Practically every day we hear one or the other analyst doling out advice to invest in gold and how at least 10% (though this recommendation can be as high 20%) of your portfolio should comprise of gold or gold stocks.
The Gold price has fluctuated wildly in the past year. After hitting a high of US$1032/oz in March 2008, it fell to US$690 in November 2008 and is back up again at around US$900/oz.
The US Dollar co-relation
First the rally was attributed to weakness in US dollar. The Gold prices moved in inverse tandem with the weakening dollar beginning 2003. US Dollar Index fell from 101.91 in Jan 2003 to 71.34 in Apr 2008 – appx. a 30% weakness. The USD Index measures the performance of the US Dollar against a basket of currencies: EUR, Japanese Yen (JPY), Pound Sterling (GBP), Canadian Dollar (CAD), Swiss Frank (CHF) and Swedish Krona (SEK). The most noted move was the weakening of USD from 1.25 to 1.63 against the Euro during the same time frame – a 30% appreciation of Euro against the USD.
Gold in the mean time marched from US$450/oz to US$1030/oz translating in gains of around 130%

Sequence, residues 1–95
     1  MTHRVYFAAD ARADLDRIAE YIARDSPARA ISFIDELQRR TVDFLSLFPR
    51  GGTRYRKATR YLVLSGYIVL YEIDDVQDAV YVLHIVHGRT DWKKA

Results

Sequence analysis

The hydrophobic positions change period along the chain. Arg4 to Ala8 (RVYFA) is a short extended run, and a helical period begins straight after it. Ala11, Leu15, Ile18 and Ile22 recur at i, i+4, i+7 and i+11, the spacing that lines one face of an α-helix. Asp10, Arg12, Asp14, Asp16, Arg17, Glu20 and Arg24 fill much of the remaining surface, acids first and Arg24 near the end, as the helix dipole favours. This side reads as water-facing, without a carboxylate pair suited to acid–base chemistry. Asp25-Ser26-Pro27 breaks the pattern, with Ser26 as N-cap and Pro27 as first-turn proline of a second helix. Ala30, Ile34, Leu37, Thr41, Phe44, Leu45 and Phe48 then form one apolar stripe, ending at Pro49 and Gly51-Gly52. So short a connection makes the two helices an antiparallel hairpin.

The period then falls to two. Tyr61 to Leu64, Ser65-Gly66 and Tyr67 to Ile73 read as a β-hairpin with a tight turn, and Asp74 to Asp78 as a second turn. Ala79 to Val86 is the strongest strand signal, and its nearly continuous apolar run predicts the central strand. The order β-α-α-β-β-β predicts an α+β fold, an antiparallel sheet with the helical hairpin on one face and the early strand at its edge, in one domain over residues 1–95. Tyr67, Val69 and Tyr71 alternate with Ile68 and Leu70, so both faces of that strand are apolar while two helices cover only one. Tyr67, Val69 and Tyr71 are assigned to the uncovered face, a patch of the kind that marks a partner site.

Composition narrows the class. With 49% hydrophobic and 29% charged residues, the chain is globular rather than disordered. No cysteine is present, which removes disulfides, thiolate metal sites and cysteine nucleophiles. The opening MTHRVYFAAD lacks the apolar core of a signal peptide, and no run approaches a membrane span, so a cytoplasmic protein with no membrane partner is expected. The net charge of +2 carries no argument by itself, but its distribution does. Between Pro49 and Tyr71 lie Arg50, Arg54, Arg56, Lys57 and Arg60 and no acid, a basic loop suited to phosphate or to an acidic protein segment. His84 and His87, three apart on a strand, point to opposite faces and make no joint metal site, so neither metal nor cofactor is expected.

Some traders price Gold between 7.5 to 15 ratio to the Crude Oil. So when Oil touched its peak of US$147 a barrel the gold prices were being predicted to touch $2200 (147×15 = 2205) on an optimistic scale, and the price of US$1100 (147x 7.5 = 1102) looked reasonable. The gold prices did follow the falling crude for some time but the pair seems to have lost co-relation now. With current crude oil prices around US$45/bbl, using the Crude oil to Gold ratio the optimistic Gold price comes at US$675/Oz and pessimistic price comes to US$338/Oz.
The Inflation hedge
Gold has been, more often than not, regarded as a good hedge against inflation. With the skyrocketing prices of commodities during first half of 2008 the inflation across the world had started to move toward the double digit territory. Countries like India and China had inflation of upwards of 12%. With the rising inflation the investment in gold as a hedge was a prime theme then. The inflation has now fallen back to single digit levels in most of the economies and there seems to be real threat of deflation with falling consumption.
Risk Aversion for uncertain times
After having exhausted all the above theories the latest story is that of safe investment in uncertain times. With falling stock prices, lowering treasury yields and the sovereign default risk inching upwards investing in gold seems to be the buzz word again. The reason this time is that Gold is a real tangible asset that has been considered valuable for centuries. The supply of gold is limited thus it makes a perfect investment.
The Contrarian View
Having considered all the reasons of why to invest in gold let us now look at the other side of the coin.
Applying the Dollar co-relation theory the gold price should be headed downwards. The USD index is up at 87 as on date of writing. Using linear equation we can arrive at a fair value of gold in relation to the USD index which is appx. US$775.